The Spectacle Blog

Berger vs Keyser: A Double Standard?

By on 12.13.05 | 8:21AM

The Washington Times' Jerry Seper reports this morning on the guilty plea entered by former top State Department official Donald Keyser for "unlawfully removing classified U.S. government documents, including some 'top secret' material, and to making false official statements." Keyser, former principal deputy assistant secretary of state for East Asian and Pacific affairs, faces eight years in prison, disqualification from holding any public office and $250,000 in fines. According to reports, Keyser was a highly regarded career employee whose counsel was valued by former Secretary of State Colin Powell. $250K. 8 years in the slammer.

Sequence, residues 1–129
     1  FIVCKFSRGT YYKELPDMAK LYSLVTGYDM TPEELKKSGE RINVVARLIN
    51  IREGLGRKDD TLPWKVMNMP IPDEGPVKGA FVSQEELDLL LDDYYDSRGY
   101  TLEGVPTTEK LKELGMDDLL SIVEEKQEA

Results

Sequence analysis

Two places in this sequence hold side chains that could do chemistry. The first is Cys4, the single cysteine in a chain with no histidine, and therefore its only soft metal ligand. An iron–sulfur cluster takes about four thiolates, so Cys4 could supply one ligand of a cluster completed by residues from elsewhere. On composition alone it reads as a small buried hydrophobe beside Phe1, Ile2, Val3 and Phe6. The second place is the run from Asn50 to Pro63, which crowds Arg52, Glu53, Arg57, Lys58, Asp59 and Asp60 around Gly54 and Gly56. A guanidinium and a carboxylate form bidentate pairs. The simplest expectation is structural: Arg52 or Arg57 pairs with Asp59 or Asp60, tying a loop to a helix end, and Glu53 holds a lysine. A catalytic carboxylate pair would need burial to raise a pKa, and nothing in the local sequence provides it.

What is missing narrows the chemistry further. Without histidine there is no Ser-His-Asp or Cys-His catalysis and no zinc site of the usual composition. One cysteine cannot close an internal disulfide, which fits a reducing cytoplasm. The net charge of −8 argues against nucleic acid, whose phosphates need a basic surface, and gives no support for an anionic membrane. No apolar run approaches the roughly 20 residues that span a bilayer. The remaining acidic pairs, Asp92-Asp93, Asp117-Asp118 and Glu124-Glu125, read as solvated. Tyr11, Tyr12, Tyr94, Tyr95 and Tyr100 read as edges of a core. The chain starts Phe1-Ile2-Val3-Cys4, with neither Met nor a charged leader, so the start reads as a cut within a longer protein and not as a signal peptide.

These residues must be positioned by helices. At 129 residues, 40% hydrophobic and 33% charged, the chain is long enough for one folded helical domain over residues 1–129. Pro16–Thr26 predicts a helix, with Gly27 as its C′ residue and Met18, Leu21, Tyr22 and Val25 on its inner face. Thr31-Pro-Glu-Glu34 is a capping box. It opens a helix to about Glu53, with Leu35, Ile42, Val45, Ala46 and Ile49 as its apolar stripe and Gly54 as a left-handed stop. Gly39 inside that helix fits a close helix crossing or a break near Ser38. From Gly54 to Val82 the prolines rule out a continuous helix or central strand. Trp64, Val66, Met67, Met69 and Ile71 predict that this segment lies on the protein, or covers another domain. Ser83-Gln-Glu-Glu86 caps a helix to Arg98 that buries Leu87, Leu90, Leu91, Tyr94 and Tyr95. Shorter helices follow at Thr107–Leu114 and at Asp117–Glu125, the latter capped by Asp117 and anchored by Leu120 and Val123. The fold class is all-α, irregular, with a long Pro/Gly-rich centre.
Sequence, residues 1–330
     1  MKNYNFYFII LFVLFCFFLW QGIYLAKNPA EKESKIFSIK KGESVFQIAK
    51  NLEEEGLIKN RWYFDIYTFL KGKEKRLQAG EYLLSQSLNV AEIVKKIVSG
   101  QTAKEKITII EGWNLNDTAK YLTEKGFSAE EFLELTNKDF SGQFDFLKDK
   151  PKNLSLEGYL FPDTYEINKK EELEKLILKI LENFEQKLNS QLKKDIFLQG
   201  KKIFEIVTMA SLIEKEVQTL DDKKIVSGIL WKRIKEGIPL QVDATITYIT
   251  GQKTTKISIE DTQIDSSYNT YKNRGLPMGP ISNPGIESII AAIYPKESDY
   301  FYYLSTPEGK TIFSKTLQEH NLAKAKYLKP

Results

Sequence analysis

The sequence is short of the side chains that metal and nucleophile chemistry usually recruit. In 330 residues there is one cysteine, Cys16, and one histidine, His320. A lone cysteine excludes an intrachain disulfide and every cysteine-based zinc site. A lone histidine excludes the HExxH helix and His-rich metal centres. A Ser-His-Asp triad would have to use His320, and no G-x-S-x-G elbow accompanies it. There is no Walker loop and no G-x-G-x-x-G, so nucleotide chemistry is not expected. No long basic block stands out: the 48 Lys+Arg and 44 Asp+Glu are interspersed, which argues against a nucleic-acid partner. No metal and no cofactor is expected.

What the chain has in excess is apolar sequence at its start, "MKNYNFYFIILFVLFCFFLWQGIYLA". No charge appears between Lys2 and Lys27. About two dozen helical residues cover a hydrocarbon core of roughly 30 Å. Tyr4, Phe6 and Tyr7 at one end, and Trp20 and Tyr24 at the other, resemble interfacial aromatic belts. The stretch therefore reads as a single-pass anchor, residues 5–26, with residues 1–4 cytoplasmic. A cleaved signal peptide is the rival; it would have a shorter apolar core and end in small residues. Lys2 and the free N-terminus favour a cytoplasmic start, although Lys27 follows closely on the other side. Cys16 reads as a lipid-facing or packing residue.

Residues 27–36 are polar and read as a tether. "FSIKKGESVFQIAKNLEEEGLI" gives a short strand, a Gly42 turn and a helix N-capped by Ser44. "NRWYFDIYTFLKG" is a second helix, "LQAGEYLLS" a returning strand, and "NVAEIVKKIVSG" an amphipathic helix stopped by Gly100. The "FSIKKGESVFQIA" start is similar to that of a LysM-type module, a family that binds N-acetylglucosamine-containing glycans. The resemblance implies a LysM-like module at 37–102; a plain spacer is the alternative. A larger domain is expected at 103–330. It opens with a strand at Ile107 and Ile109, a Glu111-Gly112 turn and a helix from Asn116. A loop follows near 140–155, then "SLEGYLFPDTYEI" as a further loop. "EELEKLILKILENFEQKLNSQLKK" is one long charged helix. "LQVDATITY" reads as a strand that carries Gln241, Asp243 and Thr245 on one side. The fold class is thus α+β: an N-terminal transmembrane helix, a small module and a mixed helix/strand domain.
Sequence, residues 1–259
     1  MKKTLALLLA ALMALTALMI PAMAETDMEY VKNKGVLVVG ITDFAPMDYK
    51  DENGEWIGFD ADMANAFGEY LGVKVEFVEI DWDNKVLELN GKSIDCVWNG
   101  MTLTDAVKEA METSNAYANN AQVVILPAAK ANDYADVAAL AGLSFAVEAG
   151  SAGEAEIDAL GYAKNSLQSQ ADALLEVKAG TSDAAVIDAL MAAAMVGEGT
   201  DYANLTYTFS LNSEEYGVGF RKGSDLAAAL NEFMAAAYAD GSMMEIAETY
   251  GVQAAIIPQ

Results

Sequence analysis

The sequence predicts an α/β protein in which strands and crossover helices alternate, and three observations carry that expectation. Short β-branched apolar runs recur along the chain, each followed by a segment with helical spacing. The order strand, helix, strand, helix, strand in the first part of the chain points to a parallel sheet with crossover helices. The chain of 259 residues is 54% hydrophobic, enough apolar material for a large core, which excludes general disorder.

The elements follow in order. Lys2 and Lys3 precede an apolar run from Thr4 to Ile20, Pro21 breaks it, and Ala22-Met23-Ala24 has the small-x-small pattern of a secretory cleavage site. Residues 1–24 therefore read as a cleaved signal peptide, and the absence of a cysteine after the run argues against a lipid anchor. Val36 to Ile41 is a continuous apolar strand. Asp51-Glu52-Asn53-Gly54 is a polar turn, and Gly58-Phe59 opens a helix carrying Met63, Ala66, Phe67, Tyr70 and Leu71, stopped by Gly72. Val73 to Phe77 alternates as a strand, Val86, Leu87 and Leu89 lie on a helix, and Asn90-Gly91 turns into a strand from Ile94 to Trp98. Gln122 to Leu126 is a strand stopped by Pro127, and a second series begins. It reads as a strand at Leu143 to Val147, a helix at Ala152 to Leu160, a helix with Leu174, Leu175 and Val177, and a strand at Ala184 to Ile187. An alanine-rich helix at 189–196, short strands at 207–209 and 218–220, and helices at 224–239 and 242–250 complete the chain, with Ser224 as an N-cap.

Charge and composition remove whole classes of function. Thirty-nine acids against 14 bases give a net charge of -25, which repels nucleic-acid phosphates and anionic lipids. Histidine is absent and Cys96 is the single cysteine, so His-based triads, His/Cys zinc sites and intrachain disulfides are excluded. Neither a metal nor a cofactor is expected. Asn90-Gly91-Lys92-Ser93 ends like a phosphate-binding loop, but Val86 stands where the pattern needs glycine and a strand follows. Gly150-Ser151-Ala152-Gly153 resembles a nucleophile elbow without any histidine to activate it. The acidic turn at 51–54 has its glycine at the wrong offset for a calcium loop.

Last year, former Clinton National Security Advisor Sandy Berger was allowed to plead guilty to a misdemenor for what several news agencies reported as the following: stealing from the National Archives -- by stuffing in his pants and socks -- several copies of some of the most highly guarded national security documents held by the US government; shredding with scissors the aforementioned "code-word" classified documents (for those unfamiliar with different levels of classification, it doesn't get any higher than "code-word" or "code-black" as it's known in the trade); and lying about the incident to federal agents for about a year.

DOJ prosecutors allowed Berger to plead to a misdemeanor despite having eyewitnesses to the FELONY. The DOJ requested punishment was $10K, probation and a loss of his security clearance for a few years. At sentencing, the outraged judge upped the fine to $50,000. The judge could not impose a jail sentence as the misdemeanor did not carry a potential jail sentence.

Had Berger been a Republican appointee, what are the chances that he would have gotten off with such a light tap on the wrist?

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